|The Sala Capitular
The furniture on display in today's Sala Capitular has been reproduced from an existing inventory of the furniture present in the room during the Louisiana Purchase transfers. The original furniture no longer exists.
Louisianians consider the Sala Capitular one of their most prestigious settings for official ceremonies, evidenced by the fact that the final transfers of the colony were held in it: from Spain to France on November 30, 1803, and from France to the United States on December 20, just twenty days later. The Sala Capitular also functioned as a courtroom, first for the cabildo under Spanish rule (1799-1803), then the superior court in the territorial period (1803-1812), and later the Louisiana Supreme Court after the Civil War (1868-1910).
The Louisiana Purchase
Emperor Napoleon Bonaparte had a vision of a renewed western empire for France, and his schemes included the recapture of Louisiana from Spain. Control over this vast territory would halt the westward expansion of the young United States and would supply French colonies in the West Indies with the goods they needed. In 1800, Napoleon signed the secret Treaty of Ildefonso with Spain, an agreement that stipulated that France would provide Spain with a kingdom for the son-in-law of Spain's king if Spain would return Louisiana to France. However, Napoleon's plan collapsed when the twelve-year revolt of slaves and free blacks in the French colony of Saint-Domingue succeeded, forcing French troops to return defeated to France and preventing them from reaching their ultimate destination-Louisiana-and from being able to defend it. As Napoleon's New World empire disintegrated, the loss of Haiti made Louisiana unnecessary.
|Letterhead of the French Colonial Administration of Louisiana
Detail, reproduced courtesy of the New Orleans Public Library
|Carlos IV, King of Spain and the Indies
T. J. López Enguídanes
Early 19th Century
Gift of the Institute of Hispanic Culture, New Orleans
The United States wanted to acquire the area near New Orleans primarily to guarantee its right to sail vessels down the Mississippi River through Spanish territory and unload goods at New Orleans for shipment to the Atlantic coast and Europe. Moreover, the United States wanted to possess the entire territory of Louisiana because so many American settlers and merchants were already in the region and because of its vital geographic position at the mouth of the Mississippi River.
The United States discovered the transfer of Louisiana from Spain to France and sent Robert Livingston to France in 1801 to try to purchase New Orleans. Napoleon initially refused, leading President Thomas Jefferson to send James Monroe to secure the deal. However, in April 1803, just days before Monroe was to arrive in Paris, Napoleon offered to sell the United States not only New Orleans but all of Louisiana. Napoleon's minister of the treasury, the Marquis de Barbé-Marbois, dealt with Livingston and Monroe over terms of the Louisiana Purchase. The United States purchased Louisiana for , 250, 000 and assumed claims of its own citizens against France up to , 750, 000, for a total purchase price of million.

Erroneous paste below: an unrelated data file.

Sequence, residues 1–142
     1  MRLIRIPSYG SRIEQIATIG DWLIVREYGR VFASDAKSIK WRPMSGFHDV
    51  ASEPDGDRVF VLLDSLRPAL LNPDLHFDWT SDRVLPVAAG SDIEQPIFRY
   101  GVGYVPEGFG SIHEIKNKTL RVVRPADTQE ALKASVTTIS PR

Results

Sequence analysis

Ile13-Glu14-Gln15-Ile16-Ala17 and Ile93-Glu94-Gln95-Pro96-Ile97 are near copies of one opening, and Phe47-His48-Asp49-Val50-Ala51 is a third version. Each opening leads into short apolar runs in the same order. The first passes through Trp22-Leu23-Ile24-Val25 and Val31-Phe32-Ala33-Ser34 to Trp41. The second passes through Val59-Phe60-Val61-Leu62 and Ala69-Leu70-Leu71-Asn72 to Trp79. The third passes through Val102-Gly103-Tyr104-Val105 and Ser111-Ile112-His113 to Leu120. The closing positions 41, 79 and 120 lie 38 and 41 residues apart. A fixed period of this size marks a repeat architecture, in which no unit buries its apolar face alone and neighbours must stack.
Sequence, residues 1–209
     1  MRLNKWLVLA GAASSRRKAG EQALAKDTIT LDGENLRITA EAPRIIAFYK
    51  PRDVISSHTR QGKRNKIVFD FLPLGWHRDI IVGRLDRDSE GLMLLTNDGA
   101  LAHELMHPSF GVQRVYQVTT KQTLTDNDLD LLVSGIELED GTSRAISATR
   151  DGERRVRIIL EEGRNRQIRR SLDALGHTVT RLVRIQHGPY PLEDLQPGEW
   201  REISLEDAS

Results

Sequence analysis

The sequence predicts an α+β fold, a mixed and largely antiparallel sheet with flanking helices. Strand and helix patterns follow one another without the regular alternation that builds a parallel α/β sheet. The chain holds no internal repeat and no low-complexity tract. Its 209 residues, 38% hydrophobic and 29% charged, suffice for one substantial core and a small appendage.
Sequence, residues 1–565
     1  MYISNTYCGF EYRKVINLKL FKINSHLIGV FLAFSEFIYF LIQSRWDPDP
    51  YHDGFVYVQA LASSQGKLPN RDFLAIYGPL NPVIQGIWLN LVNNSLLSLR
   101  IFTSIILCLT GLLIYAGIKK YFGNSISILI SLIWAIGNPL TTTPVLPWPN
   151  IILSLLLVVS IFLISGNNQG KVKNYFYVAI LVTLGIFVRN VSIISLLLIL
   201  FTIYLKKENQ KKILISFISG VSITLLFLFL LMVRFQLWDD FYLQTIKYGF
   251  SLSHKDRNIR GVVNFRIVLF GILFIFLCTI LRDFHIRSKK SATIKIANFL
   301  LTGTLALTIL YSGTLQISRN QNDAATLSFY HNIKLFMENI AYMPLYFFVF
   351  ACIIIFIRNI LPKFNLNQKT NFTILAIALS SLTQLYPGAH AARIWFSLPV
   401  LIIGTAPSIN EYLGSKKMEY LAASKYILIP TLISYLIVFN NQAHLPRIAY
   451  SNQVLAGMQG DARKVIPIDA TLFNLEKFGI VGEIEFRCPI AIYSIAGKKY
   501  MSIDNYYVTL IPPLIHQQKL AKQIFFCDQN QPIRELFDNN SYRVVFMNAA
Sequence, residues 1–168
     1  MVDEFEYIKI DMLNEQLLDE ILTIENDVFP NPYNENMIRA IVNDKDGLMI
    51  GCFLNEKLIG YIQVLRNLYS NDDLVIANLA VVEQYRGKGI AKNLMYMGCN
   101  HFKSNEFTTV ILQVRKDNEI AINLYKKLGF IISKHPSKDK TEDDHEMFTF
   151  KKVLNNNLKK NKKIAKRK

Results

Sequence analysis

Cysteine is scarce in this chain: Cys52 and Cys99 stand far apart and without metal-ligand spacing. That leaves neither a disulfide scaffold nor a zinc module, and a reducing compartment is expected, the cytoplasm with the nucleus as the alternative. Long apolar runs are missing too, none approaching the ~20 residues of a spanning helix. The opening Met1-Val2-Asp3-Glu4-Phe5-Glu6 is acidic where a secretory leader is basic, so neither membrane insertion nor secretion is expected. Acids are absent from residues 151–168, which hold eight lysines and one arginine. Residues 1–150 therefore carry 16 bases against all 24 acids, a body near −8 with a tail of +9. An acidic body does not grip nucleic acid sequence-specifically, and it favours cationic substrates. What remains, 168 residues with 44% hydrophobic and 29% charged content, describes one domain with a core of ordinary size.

|Marquis de Barbe-Barbois
|Robert R. Livingston
H. B. Hall
Gift of Mr Robert Glenk
On November 30, 1803, Spain's representatives, Governor Manuel de Salcedo and the Marqués de Casa Calvo, officially transferred Louisiana to France's representative, Prefect Pierre Clément de Laussat, in the Sala Capitular in the Cabildo. Although Laussat had been instructed to transfer Louisiana to the United States the next day, twenty days actually separated the transfers, during which time Laussat became governor of Louisiana and created a new town council.
|William C. C. Claiborne
E. B. Savary
Loaned by the Louisiana Historical Society
|General James Wilkinson
Miss Levy, after Gilbert Stuart
Oil on canvas
Gift of Mr. and Mrs. Wilkinson
Thomas Jefferson selected William Charles Cole Claiborne, former governor of the Mississippi territory and highest-ranking civilian official in the vicinity, to govern lower Louisiana. Backing Claiborne with military power was General James Wilkinson. On December 20, 1803, again in the Sala Capitular, these two commissioners signed the transfer document with Laussat, giving lower Louisiana officially to the United States. The United States took formal possession of the full territory of Louisiana, although its boundaries were vaguely defined, in St. Louis three months later, when France handed over the rights to upper Louisiana.
|Hoisting American Colors, Louisiana Cession, 1803
Thure de Thulstrup
Loaned by the Louisiana Historical Society
Between April 10 and 15, 1825, the Marquis de Lafayette, a Frenchman who assisted the Americans with their war for independence and became a hero of the French Revolution, resided in the Cabildo during a visit to New Orleans. Lafayette stayed in the city as a part of his tour of the United States in 1824 and 1825.
Laborers converted the Sala Capitular into a lavish drawing room where Lafayette met various delegations during his stay, including a deputation of free men of color, "who, in 1815, courageously assisted in the defense of the city." The room was completely redecorated to fit its elegant purpose of hosting Lafayette and his visitors. New wall hangings and furniture were procured, and wallpaper, draperies, carpets, and chandeliers were installed for the five-day stay.
|General Lafayette Arriving in the United States
Gift of Mr. Peterson Qvistgaard
The Louisiana State Supreme Court met in the Sala Capitular from 1868 to 1910. During the course of its tenure here, the Supreme Court heard several important cases that in turn went on to the United States Supreme Court to become landmark cases in American history. Among these was Plessy v. Ferguson, which was first argued in 1892. The case tested legislation passed in Louisiana in 1890 that permitted separate railroad cars for whites and blacks.